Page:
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Enotes says, "situational irony: such as when a pickpocket gets his own pockets picked."
In other words, it is when the prank backfires on the prankster, the terrorist becomes a victim of terrorism, etc...
The effects are often humorous, a kind of poetic justice: the punishment fits the crime, fitting retribution.
So says one of my favorite websites, Sarcasmsociety.com:
Situational Irony occurs in literature and in drama when persons and events come together in improbable situations, creating a tension between expected and real results. An example of this would be a scene where a man and woman are sitting at a bus stop and start to converse. The woman divulges some of her deepest darkest secrets. The man listens and advises her, and the woman thanks him and gets on her bus. After she is gone the man takes off his heavy coat to reveal that he is in fact wearing the garb of a priest. The irony lies in the fact that the woman never knew that the man she was talking to was a priest, but the audience does and the reality of what the audience knows about why the man was so helpful and understanding is different from the reality the woman experienced.
The above answers do an excellent job of treating situational irony, so I'll deal with dramatic irony.
Dramatic irony occurs when the reader/audience knows more about a character's situation than the character does. The one main effect is that it gives the reader a sense of superiority, or detached superiority. The reader not only seemingly discovers what is revealed, but feels superior for doing so.
An example of dramatic irony is in the beginning of Shakespeare's Macbeth Act 1.6, when King Duncan and Banquo describe Macbeth's castle and the atmosphere around it with words like sweetly, pleasant, and delicate. The reader knows something they don't: that Macbeth and his wife are inside plotting to assassinate Duncan. Macbeth's castle is anything but a place of sweetness, pleasantness, or delicateness. This is dramatic irony.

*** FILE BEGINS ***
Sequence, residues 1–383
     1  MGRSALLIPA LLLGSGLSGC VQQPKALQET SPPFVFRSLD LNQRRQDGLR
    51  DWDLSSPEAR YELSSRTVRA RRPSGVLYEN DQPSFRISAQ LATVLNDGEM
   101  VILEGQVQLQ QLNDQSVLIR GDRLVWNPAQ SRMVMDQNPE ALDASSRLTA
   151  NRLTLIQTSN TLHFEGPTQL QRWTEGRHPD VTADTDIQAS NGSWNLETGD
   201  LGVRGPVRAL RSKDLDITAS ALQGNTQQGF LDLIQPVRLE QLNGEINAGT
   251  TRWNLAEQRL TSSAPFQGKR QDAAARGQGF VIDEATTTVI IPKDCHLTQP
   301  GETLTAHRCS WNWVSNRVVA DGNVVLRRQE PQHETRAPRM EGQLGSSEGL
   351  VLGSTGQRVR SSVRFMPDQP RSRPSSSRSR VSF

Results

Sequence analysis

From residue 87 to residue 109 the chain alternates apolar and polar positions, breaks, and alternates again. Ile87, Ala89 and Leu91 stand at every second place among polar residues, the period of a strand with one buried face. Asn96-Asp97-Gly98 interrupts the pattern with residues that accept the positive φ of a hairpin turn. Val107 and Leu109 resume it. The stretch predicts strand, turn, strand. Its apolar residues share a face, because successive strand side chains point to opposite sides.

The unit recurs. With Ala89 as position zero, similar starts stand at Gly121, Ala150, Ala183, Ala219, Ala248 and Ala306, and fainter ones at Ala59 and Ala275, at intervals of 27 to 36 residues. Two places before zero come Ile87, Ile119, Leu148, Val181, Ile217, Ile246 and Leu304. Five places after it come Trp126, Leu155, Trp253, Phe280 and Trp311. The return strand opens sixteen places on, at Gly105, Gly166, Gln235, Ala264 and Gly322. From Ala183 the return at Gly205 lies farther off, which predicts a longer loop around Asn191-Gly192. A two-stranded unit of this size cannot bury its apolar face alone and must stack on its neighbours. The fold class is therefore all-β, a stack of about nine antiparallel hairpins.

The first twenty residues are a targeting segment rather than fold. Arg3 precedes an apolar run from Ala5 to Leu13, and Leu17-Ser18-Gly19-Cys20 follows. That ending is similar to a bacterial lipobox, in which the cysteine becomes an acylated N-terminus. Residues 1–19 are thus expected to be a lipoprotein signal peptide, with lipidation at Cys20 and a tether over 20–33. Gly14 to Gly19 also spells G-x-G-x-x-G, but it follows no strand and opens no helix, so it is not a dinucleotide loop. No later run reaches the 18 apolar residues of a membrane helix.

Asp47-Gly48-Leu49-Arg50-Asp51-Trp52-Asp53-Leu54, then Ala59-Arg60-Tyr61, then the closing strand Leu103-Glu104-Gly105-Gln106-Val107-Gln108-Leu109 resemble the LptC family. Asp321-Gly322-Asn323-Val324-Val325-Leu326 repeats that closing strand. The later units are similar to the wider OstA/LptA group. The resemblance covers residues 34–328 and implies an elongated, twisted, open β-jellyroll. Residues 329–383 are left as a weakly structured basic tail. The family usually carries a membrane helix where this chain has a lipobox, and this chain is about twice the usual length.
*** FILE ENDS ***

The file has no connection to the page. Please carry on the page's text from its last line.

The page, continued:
The effect of situational irony is almost always humor, but what's more important than this is the effect of humor. Humor destroys barriers that a greater truth can be revealed. Taking a look at the example above, the woman at the bus stop likely needed a priest to divulge her deepest secrets to. There are many things in society that can't be plainly spoken, they must be revealed in a figurative or clever way.
The author will use irony (dramatic or situational) to get away with making a comment that couldn't be made plainly. Usually this comment is about humankind, society or a social phenonmenon.
Sometimes the effect of situational irony is humorous; at other times it is tragic. But it is almost always shocking. Either the protagonist or the reader is surprised. Nadine Gordimer's short story "Once Upon a Time," is filled with situational irony. The family's extreme efforts to protect themselves and their belongings wind up destroying one of them. In William Golding's Lord of the Flies, the fire that was used in an attempt to kill ends up saving the boys. In both cases, the ending is unexpected and surprising. The reader may guess, but the success of the irony is in its surprise, but then in the recognition that the surprise was fitting and appropriate, not arbitrary or random. For instance, the situational irony in a wonderful little short story called "The Storm," lies in the fact that the main character at first seeks shelter from the storm and at the end of the story the storm becomes her refuge. The success of this ending lies in the fact that it is surprising, but totally in keeping with the events of the story. It is this kind of twist that Alfred Hitchcock used so skillfully in many of his movies. In Connell's short story "Most Dangerous Game," the readers are surprised when the hunter becomes the hunted, but again, when we look back at this strange turn of events, we see that the author has prepared us well for this development through quite a bit of foreshadowing. It is this kind of surprise and predictability that increases our enjoyment of literature. We can predict and make guesses, but we like to be surprised. This surprise can delight or bring tears.
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